Beijing scientists are hard at work on developing an even more scientific replication of breast milk on the belief that Western formulas may not fit the nutritional needs of Chinese infants, the China Daily reports.

No, the prime motivation wouldn't be to capitalize on a massive market dominated by expensive Western imported baby formula, and also one rife with counterfeit goods and the occasional melamine scandal, but rather for the good of mankind the Chinese people.

And the announcement would have nothing at all to do with this news from earlier this week that China would place new restrictions on the importation of foreign milk powder.

Funded by the city government to the tune of RMB 10 million and conducted by Beijing dairy giant Sanyuan Foods Co (who will toss in 10 million of their own), the study will track the components of Chinese mothers' breast milk and develop a database of its nutritional components for the purpose of developing a new formula designed just for Chinese babies.

With the resolute decision long held by dairy industry scientists worldwide that a mother's breast just ain't up to the task of feeding an infant (just like those pesky narrow birth canals that are practically crying out for a C-section), scientists hope a Made-for-China version of breast milk backed by rigorous scientific research can make billions of RMB restore the credibility of local formula in local mothers, an estimated 72% of which are almost entirely dependent on formula for feeding their children 4 months after birth (but we're crying B.S. on that number in Beijing – we guess it's closer to 90%).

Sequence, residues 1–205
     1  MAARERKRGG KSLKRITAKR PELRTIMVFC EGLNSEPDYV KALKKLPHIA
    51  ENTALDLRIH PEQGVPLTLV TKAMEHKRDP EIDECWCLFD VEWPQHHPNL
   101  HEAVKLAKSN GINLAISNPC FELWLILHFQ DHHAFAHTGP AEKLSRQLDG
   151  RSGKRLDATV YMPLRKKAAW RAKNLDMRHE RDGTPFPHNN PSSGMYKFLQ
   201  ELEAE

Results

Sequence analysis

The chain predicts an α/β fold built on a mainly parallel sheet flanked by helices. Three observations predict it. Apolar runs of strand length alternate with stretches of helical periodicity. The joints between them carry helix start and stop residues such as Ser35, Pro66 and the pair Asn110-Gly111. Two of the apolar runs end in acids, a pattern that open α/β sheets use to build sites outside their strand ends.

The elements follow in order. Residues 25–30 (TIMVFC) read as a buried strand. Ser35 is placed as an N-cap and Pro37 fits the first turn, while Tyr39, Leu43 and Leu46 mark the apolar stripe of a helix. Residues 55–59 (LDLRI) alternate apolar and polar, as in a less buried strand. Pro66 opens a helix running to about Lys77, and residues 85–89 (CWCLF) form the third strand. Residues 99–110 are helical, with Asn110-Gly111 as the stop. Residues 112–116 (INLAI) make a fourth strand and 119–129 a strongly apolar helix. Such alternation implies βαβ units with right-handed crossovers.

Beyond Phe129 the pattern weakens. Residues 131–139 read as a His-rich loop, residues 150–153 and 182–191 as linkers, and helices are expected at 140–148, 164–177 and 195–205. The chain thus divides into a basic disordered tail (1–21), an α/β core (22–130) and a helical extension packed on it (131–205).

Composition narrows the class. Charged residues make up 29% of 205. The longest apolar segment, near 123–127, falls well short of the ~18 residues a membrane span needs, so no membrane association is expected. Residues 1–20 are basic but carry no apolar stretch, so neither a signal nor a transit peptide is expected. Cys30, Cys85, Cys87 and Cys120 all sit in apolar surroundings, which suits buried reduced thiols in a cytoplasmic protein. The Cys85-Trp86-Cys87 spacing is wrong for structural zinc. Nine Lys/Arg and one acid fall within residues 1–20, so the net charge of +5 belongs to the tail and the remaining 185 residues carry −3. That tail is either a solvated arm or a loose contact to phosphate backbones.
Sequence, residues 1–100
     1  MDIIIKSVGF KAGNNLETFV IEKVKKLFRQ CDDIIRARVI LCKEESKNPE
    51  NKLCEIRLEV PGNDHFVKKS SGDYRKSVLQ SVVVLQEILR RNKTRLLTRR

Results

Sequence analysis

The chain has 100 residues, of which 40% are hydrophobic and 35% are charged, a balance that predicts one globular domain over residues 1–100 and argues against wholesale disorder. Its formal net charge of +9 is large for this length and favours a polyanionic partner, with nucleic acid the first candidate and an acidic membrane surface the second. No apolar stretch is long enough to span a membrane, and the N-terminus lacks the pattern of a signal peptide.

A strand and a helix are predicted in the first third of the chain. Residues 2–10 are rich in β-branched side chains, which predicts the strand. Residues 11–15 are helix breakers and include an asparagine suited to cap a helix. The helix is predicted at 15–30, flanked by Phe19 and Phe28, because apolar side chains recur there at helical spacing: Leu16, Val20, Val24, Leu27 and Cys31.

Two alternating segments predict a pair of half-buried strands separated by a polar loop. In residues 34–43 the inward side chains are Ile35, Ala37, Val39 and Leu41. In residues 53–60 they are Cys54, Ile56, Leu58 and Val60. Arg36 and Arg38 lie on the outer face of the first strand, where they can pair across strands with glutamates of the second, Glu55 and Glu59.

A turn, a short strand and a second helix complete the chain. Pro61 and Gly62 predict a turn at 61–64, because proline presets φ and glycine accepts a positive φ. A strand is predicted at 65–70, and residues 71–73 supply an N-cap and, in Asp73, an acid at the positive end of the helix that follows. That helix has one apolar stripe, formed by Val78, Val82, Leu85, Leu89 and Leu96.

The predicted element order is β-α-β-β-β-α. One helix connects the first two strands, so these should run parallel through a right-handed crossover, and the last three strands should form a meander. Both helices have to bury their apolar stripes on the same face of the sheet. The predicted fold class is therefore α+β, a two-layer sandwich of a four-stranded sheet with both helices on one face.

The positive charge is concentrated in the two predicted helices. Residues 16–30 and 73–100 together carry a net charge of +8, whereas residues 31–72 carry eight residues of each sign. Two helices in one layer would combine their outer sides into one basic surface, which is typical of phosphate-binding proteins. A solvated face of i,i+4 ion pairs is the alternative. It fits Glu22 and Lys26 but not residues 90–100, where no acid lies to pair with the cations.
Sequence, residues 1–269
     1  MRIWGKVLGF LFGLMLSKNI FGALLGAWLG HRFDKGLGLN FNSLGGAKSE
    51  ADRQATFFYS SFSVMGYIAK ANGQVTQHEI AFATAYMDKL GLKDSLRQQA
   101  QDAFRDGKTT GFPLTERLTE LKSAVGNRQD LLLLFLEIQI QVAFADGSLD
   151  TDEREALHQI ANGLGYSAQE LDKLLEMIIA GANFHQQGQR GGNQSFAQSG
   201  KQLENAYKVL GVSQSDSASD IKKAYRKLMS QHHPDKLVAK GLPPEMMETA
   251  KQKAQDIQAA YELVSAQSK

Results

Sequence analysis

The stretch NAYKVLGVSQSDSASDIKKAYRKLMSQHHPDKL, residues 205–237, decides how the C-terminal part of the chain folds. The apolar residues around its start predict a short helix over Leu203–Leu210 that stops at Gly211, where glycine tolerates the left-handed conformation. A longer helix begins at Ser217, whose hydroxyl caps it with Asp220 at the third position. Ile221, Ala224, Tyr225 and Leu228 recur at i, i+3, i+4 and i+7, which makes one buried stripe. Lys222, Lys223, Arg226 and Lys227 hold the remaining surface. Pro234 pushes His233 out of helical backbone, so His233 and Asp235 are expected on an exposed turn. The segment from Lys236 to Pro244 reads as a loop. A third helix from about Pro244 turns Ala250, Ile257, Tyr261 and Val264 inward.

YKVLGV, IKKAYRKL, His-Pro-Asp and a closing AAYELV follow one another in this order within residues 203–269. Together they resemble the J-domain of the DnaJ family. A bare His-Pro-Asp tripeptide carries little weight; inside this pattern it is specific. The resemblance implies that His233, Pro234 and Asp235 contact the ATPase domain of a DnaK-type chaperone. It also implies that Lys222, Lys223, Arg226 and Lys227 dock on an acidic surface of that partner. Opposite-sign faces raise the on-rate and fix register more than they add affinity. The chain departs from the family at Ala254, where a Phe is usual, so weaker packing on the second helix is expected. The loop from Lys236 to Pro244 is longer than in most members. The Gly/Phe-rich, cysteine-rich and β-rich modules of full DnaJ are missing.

A higher-up in Sanyuan was clear to point out that formula could never fully replicate the nutritional profile of mother's milk, but they'll work damn hard to make the next best thing.

As evidence of their dedication to tackling this pesky problem, city bean counters pointed out that the RMB 10 million for reverse-engineering breast milk is "much greater than funding for unmanned aerial vehicles and all-electric vehicles research."

Well that's good to know, I guess.

Beijing is also seeing growth in the number of "mommy rooms," spaces set aside for nursing or the preparation of mother's milk, rather than forcing moms to perform such functions in dignified places like the ladies' restroom.

Meanwhile, expecting and new moms can choose to not wait for all of this research to result in a marketable product and learn why good old fashioned breastfeeding is really the best choice for your child here.

Image: The Age

Visit the original source and full text: the Beijinger Blog